5 Ways to Tell if a Deal is Bad

To do the deal or not to do the deal: that is the question asked of many young startups. These five tips will help ensure you make the right decision.
May 08, 2013

At an early-stage company, there are many unknowns when it comes to deciding on business deals intended to drive adoption or revenue. Is the product ready for distribution? Will this deal live up to expectations? What if the partner does something that delays a launch? How much should we charge? Should we charge? Is it the right thing to do right now?

The deals you don't do are just as important as the deals you do. A bad deal can consume and distract important resources, waste valuable time, cost money and, in some cases, take a company completely off the rails. These five tips can help you decide which deals you do and which you don't do.

1. Assess opportunities and make decisions quickly. Set up a team discussion for analyzing the pros and cons of each potential deal. Don’t make this complicated. The matrix below shows how to plot opportunities to lead a discussion that produces clear next steps. The numbers are straightforward: growth, users, revenue, page views, etc. Qualifying what is "strategic" can be a bit fuzzier, but in most cases, teams can agree on the high-level attributes. Keeping this framework simple, short and actionable is a must. Set a direction, lay out next steps and, of course, check in along the way

matrix for deals

2. Understand the difference between money and revenue. Now, before you thank me for crystallizing the obvious, let me explain what this means in the context of a startup. Revenue deals are tied to a company’s core assets and talents and to becoming a repeatable and scalable business. This involves an understanding of the different pieces that need to come together and how they come together in your operating plan, such as whether you'll need to make additional hires, buy servers, pay commissions, etc.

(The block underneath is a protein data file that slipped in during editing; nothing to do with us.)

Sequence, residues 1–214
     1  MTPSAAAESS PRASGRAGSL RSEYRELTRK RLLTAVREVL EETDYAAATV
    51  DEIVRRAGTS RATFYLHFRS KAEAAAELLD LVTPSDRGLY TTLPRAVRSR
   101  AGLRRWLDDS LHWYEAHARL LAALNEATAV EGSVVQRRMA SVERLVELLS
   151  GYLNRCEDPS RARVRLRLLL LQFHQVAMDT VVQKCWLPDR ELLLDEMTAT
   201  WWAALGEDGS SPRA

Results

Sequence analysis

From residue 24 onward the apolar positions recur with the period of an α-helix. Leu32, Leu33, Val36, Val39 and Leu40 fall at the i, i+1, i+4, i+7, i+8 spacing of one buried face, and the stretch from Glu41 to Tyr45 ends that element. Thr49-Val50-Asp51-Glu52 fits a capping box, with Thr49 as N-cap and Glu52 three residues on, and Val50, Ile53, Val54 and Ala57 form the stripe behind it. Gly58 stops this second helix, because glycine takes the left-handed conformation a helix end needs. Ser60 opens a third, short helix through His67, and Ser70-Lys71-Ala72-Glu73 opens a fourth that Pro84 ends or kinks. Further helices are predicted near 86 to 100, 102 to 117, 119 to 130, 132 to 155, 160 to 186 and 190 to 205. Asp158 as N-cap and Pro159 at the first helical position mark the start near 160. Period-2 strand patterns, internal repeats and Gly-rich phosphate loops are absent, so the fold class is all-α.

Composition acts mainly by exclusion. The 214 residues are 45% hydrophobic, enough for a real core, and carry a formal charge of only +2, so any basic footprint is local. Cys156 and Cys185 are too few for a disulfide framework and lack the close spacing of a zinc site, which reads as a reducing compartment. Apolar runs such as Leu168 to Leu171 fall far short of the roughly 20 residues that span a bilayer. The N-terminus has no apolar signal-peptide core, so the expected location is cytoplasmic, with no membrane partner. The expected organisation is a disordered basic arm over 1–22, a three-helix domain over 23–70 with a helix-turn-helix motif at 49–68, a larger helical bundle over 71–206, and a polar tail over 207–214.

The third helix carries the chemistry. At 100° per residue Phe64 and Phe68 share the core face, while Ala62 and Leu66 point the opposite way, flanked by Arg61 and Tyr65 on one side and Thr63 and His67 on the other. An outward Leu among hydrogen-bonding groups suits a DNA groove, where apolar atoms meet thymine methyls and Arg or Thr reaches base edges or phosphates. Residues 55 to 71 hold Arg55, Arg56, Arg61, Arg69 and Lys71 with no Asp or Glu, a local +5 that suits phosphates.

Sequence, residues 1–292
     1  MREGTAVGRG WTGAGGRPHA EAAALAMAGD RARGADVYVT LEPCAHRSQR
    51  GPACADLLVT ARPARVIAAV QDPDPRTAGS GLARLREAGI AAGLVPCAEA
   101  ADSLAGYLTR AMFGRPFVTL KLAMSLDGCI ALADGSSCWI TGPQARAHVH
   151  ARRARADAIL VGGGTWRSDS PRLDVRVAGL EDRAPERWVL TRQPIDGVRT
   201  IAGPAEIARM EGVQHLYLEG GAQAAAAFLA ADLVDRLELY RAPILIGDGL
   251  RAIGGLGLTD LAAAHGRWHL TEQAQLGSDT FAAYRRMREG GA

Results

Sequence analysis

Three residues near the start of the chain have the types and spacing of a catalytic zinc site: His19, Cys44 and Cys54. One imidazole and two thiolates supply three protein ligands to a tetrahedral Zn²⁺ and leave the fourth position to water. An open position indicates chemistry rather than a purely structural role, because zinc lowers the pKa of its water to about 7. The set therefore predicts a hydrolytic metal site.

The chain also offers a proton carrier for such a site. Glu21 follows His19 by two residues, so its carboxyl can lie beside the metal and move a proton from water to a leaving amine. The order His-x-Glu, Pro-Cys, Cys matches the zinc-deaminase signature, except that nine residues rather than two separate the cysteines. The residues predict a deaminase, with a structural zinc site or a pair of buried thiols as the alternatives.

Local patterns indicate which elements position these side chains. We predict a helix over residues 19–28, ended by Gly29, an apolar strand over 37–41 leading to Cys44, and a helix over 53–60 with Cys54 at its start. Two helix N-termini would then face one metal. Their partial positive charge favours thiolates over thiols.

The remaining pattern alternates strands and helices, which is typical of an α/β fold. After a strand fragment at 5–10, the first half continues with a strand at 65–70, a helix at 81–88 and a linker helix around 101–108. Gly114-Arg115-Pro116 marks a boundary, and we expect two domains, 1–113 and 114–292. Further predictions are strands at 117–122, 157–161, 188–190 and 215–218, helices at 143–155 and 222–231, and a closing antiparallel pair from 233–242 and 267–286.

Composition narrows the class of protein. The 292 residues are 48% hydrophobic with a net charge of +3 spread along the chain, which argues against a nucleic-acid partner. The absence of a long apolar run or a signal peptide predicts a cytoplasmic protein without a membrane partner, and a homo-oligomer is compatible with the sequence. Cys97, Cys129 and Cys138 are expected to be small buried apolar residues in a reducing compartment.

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3. Money deals distract your company. Why? Because they don't play to the skills and vision of the company or leverage the core assets and talents. These deals typically happen when someone approaches the company and offers money in exchange for what amounts to customized development or when a company is struggling and trying to reduce cash burn, find a business model or simply build momentum. Sometimes the right deal can take the company out of its comfort zone and lead to bigger and better opportunities, but that's more of the exception than the rule.

Revenue deals include:

  • Leverage core technology
  • Plays to team’s strengths
  • Scales efficiently
  • Good for users/good for company/good for partner
  • “Feels” right

Money deals include:

  • “One-off” project
  • Often priced on estimated effort
  • Opportunity cost is a factor
  • Strong internal hesitation
  • Need to generate cash flow is a primary factor

4. Debate the assumptions, not the partners. We all have our opinions of company X versus company Z, so it's important to discuss a potential deal in the context of the value it brings to your company. Productive conversations focus on the assumptions such as conversion rate or channel reach of one partner versus another. If there are serious differences of opinion, you may want take a step back before moving ahead with any deal and make sure the team is aligned on where you're going.

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5. You cannot always measure the big opportunity. Strategic deals and revenue deals can overlap—hopefully they do. However, there may be instances where the path to revenue is not immediate or measurable. This is a great time to get advice from your board, advisors and key management. Perhaps write out a short list of the benefits for both sides and refine the list to a point where you are comfortable with the reasoning and in discussing the points with others. Putting the points onto paper (or screen) forces clearer thinking, and talking it through with someone almost always leads to greater insight.

Making decisions that impact resource allocation is not easy, especially when smart, passionate people have strong and often reasonably informed opinions. Hopefully these tips will help you focus on building a great product that can drive revenue and avoid “money” deals.

Read more articles on small business finances.

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